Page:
If your loved one suffers from Alzheimer’s of some other dementia or memory-related illness, you know how devastating and frightening it can be—for everyone. The uncertainty can—at times—be both difficult and challenging. It can also be embarrassing also if, for example, you take your family member some place in public and they have an outburst, or otherwise display inappropriate behavior. No one else understands what’s happening, but you want to shrink away.
That’s where Memory Cafés come in.
Memory Cafés are gathering places where people with Alzheimer’s or a related illness or disease can go with their senior care partners, and other family and friends to socialize and have fun with other people who are going through the exact same thing. People are able to relax and be themselves, knowing there will be no judgment; only understanding.
The Cafés provide a great opportunity for lively discussions, information gathering, refreshments, camaraderie, and lots of creative fun thrown in. And, for people in early stages of dementia, there may even be an occasional field trip to a museum, arts/crafts show, music recital, or the like.
Some are built around a concept like the arts, or doing a charitable act. Each location around the country is different; but all are grass roots efforts to assist the person with dementia, their caregiver and loved ones to have a good day.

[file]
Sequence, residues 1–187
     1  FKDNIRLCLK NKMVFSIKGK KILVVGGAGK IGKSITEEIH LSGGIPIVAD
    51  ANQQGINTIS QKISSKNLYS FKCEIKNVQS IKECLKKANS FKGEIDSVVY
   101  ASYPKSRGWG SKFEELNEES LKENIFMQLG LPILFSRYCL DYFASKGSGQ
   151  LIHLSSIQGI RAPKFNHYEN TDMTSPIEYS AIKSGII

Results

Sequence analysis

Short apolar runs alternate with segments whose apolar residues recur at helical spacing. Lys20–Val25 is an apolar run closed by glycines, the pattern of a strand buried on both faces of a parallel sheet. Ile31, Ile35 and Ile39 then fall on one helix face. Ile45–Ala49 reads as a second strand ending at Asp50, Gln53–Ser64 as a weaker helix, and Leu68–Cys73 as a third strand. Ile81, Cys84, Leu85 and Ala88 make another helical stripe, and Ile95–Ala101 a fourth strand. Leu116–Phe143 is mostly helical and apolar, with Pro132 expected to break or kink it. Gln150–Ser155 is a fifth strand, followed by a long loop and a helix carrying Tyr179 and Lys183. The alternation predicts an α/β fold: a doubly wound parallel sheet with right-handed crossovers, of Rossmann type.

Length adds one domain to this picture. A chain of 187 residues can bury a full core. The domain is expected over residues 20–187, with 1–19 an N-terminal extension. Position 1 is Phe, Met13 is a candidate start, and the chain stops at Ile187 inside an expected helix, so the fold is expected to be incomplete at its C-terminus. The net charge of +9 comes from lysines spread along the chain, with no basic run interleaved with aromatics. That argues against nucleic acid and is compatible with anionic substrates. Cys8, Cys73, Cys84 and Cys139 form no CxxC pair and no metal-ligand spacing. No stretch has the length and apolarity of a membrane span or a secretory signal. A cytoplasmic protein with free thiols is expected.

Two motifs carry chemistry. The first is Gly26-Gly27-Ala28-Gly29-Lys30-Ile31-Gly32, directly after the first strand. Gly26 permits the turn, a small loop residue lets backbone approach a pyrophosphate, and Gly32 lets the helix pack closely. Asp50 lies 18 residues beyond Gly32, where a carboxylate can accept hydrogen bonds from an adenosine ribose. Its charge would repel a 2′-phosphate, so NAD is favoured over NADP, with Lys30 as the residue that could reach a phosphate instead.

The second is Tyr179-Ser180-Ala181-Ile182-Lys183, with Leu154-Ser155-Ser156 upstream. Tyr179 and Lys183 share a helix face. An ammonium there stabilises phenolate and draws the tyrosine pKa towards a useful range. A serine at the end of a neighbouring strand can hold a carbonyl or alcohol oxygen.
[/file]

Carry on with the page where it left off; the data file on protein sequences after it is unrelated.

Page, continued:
They also allow people to build a support network for future needs and gives people who otherwise may be isolated at home, a chance to get out amongst others. Some may even provide speakers or other educational resources for caregivers.
Memory Cafés got their start in Holland in 1997, with the first one being started by Dutch psychologist, Dr. Bère Miesen.
Research in the UK and the Netherlands shows that Memory Café participation reduces social isolation, provides enjoyable interaction without stigma, acts as an entry point for needed resources, and offers access to information. The first U.S.-based Memory Café began in Santa Fe, NM in 2008. Since that time, experts estimate that approximately 200 cafes are now in existence in the U.S., and they slowly continue to grow as people become more familiar with them and the benefits they provide.
Memory Cafés are typically housed in places like libraries, senior centers, adult daycares, churches, hospitals, or museums. They are “staffed” by volunteers, and people meet, on average, for 90 minutes to two hours one or two times each month.
The unique thing about these locations, is they allow people and their caregivers, family and friends, the chance to do what they are able to do together, rather than focusing on the things they can’t any longer do because of their disease. They help restore some sense of normalcy to lives that have been turned upside down and become anything but normal because of the disease.
To learn more or find a Memory Café near you, contact the Alzheimer’s Association at 1.800.272.3900 .